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MikeTheInfidel, 22 May 2009.

While growing up in the relatively liberal United Church of Christ, Mike never took religion too seriously; it was just something the family did every weekend, and sometimes during the week. He never really discussed his beliefs with anyone unless he was at a church service or event. Once he hit high school, however, he joined Young Life, an organization aimed at evangelizing to teenagers and bringing them to Christ. He became a born-again Christian, and dedicated himself toward seeking God's purpose for his life. In college, Mike joined Campus Crusade for Christ, a group like Young Life but with a stronger focus on evangelizing to the general public and a literal interpretation of the Bible.

At this point Mike began to believe in the Bible literally, going so far as to become a young-earth Creationist. He regularly evangelized door-to-door in the college dorms and around town, and took part in a Crusade-sponsored debate between creationists and "evolutionists". Much like Matt Dillahunty, Mike also considered pursuing a career in the ministry; however, at the time, he didn't feel that God was "calling" him to it.

Eventually Mike left this college for another, and in the process disconnected from the community of fundamentalists he had associated himself with. He began to take an interest in examining the veracity of his beliefs and determining a way to rationally defend them from those who disagreed. Mike took a class on the philosophy of religion, taught by a Creationist professor who professed to be a "former Atheist". Ironically, rather than gaining a justification for his beliefs, Mike encountered many problems with the logic behind the arguments for God, chiefly among them being the problem of evil and the fact that the arguments simply led him to a generic God and not to his own theology.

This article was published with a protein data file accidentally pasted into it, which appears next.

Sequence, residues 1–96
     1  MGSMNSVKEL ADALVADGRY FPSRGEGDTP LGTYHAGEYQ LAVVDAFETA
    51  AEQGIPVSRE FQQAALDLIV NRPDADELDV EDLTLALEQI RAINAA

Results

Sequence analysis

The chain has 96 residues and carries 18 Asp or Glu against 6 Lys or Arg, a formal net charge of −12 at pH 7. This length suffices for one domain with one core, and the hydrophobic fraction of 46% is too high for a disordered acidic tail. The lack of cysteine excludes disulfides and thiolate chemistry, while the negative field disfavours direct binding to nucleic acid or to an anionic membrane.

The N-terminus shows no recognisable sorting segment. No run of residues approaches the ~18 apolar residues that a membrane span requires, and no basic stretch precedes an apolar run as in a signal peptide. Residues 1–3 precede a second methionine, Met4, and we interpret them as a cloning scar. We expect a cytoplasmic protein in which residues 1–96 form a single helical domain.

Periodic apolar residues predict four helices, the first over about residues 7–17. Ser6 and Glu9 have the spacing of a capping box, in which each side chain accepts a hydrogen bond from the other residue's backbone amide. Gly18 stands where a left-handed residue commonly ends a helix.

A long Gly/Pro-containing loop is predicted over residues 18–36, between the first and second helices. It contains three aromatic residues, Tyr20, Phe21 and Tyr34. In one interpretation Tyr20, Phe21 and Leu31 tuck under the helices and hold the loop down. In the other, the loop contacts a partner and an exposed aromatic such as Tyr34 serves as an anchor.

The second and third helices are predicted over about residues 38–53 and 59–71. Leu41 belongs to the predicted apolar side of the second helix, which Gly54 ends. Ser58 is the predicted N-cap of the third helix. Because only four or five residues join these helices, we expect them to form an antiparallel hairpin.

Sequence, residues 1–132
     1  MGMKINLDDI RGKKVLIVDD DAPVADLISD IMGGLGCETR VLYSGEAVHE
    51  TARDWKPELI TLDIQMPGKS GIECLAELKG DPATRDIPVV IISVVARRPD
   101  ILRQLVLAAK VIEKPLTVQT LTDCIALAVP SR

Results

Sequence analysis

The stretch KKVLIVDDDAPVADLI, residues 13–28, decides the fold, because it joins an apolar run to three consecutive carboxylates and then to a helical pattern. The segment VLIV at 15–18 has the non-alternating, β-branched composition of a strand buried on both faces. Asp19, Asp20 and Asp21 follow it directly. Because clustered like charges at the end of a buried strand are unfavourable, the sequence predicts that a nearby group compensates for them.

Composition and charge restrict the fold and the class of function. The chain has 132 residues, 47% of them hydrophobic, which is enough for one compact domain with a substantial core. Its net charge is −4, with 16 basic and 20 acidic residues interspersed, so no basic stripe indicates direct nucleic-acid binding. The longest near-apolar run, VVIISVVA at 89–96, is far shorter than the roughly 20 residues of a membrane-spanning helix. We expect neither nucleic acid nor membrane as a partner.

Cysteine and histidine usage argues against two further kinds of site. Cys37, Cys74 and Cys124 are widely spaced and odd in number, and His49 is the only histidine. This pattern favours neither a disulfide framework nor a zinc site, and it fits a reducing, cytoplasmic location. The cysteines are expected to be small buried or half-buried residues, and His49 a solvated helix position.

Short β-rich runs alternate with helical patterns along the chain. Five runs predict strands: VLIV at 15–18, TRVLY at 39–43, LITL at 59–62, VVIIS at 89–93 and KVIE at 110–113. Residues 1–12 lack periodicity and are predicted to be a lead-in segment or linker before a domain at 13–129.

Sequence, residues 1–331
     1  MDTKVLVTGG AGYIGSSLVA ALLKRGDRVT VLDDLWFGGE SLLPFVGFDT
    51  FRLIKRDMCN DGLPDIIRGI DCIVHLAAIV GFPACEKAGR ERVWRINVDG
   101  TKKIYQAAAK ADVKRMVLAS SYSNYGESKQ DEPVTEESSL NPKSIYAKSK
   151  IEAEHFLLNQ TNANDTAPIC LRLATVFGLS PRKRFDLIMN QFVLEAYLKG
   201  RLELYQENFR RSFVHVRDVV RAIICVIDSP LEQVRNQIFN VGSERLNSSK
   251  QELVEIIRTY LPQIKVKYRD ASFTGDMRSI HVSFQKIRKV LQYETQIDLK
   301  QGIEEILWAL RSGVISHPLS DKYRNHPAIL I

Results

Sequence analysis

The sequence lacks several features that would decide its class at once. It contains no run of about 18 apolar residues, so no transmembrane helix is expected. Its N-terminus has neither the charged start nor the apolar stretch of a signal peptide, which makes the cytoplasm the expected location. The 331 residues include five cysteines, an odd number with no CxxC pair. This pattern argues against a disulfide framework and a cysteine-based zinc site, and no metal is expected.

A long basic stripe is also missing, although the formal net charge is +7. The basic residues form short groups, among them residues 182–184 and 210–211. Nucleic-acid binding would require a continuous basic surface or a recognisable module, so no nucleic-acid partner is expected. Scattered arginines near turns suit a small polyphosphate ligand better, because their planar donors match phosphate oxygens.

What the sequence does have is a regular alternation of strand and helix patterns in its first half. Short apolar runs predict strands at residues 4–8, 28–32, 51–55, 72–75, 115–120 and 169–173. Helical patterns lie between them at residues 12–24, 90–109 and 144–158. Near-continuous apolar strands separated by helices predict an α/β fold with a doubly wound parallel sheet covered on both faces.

As a result, Mike began to examine his beliefs with a more skeptical eye, which he'd never done before. He gradually peeled off layers of dogma until he was left with nothing but deism, which he eventually abandoned as well as nothing more than a God of the Gaps argument. Now, Mike spends his time working as a technical editor, volunteering for groups such as Habitat for Humanity, debating theology online, and organizing events for his local Atheist/Agnostic meetup group.


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